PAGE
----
An insect known as the kissing bug has the ability to pass along Chagas’ disease to unsuspecting people. While it affects more people in Latin America than in this country, this parasitic disease can still be a problem in the southwestern United States. Most cases of Chagas’ disease pass without much incidence, but it can cause lasting problems. The rates of Chagas’ disease could go up with climate change, and more research is definitely needed. Charles Darwin may be one of the first “researchers” on the subject, but he’s not to be the last.
The CDC and the AAP update their vaccine recommendations every year, and here are the latest changes. These updates show just how important it is to stay on top of research and help increase the effectiveness of each vaccine. The schedule for routine immunizations and catching up kids who get behind can be found on the CDC and AAP websites if you’d like more information.
Children get sick, and when it happens parents have to decide whether or not to keep their kid home from school or daycare. Certain symptoms are signs that a child should definitely stay home. If you’re really not sure, your doctor can help guide your decision. To help your child recover, and prevent spreading illness to others, better safe than sorry.
When one person in your household catches a stomach bug, it seems the rest of the household becomes sick almost instantly. This winter has been particularly difficult, which makes it all the more useful to know more: Why does this bug spread so quickly? And how do I prevent it?
Rates of several common sexually transmitted infections have been rising during the past few years. Many people with an STI have no idea they have been infected, so testing is crucial. If someone doesn’t know that they are infected, they can’t get treated. If they don’t get treated and have unprotected sex they will pass these infections to others.
Antibiotics are essential medications and can save lives. But they should only be used when absolutely needed. As with any drug, antibiotics have risks as well as benefits. Side effects range from diarrhea to allergic reactions. Also, using antibiotics when they are not necessary can result in bacteria that cause infections that cannot be treated easily or effectively.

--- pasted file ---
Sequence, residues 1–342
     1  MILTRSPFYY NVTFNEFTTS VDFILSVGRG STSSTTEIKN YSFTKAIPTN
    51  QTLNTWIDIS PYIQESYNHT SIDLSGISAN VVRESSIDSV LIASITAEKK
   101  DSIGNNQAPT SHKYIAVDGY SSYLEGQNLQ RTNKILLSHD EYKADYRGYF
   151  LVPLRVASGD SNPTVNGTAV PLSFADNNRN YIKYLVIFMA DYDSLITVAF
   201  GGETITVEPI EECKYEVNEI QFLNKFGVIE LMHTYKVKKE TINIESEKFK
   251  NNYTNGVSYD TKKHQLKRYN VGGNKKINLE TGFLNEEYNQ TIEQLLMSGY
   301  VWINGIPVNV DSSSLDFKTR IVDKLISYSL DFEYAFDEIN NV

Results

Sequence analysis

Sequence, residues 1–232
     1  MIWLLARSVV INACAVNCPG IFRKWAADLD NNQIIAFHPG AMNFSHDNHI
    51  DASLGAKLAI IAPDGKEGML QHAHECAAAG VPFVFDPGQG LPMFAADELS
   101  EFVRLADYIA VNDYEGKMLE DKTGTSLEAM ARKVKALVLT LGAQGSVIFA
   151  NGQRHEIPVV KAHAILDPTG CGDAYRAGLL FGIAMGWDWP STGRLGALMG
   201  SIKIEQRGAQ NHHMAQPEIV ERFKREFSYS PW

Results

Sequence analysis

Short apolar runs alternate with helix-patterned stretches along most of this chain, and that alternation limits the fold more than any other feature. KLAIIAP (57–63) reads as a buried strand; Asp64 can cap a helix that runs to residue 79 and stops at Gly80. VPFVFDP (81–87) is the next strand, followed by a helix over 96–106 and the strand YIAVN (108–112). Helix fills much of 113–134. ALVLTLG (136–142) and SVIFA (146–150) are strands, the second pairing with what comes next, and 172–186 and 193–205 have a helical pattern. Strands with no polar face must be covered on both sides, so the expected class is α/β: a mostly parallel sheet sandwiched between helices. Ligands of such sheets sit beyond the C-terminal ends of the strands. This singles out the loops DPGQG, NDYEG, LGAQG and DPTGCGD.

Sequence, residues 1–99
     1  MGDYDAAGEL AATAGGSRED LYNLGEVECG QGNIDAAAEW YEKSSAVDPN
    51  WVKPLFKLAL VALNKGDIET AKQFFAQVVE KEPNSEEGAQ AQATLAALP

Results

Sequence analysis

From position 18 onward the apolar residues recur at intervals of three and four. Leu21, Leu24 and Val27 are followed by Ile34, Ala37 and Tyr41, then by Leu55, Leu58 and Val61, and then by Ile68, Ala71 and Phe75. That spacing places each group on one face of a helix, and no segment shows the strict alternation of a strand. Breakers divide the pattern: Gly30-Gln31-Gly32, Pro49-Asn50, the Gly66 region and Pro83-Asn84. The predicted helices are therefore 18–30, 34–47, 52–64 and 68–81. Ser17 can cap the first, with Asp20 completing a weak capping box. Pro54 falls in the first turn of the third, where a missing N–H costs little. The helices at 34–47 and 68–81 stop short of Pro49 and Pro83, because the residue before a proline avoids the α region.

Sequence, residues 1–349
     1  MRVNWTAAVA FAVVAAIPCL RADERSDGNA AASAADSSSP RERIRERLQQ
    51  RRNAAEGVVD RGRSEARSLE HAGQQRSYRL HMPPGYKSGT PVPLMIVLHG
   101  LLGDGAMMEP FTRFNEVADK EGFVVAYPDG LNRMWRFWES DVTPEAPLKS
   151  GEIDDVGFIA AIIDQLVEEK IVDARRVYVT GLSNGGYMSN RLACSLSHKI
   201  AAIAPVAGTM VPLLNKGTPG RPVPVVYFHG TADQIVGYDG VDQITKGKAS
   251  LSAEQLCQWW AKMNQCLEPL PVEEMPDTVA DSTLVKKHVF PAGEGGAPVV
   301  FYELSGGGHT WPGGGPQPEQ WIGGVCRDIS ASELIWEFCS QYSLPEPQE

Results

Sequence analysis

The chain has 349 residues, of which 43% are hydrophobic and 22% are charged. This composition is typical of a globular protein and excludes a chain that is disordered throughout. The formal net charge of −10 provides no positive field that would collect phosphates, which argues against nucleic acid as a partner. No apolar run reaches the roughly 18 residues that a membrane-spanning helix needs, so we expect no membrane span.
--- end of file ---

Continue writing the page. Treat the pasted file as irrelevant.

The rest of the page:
The term “pneumonia” encompasses a number of illnesses and infections. Some are more serious than others, and some are more easily treated than others. Since pneumonia has dominated the news cycle for the past few weeks, we’ve put together some definitions to demystify this catchall term for a range of lung conditions.
If you have been avoiding the flu shot because you’re allergic to eggs, studies suggest that you can safely get vaccinated. Allergic reactions to the flu shot are quite rare. If you’ve never had a reaction to a flu shot, protect yourself by getting one this year. Ideally do it in a doctor’s office or hospital so that you can get prompt treatment in the unlikely event you have an immediate, severe reaction.
It’s especially important for children to get flu shots, both because the flu can hit the young with particular severity, and because of the potential to pass the illness to others.
Many people with sinus infections expect to be given antibiotics for treatment, but in most cases the infection will improve on its own. If a person’s symptoms meet certain criteria — for example, when colorful nasal discharge and facial pressure and pain last for more than 10 days — then antibiotics are recommended.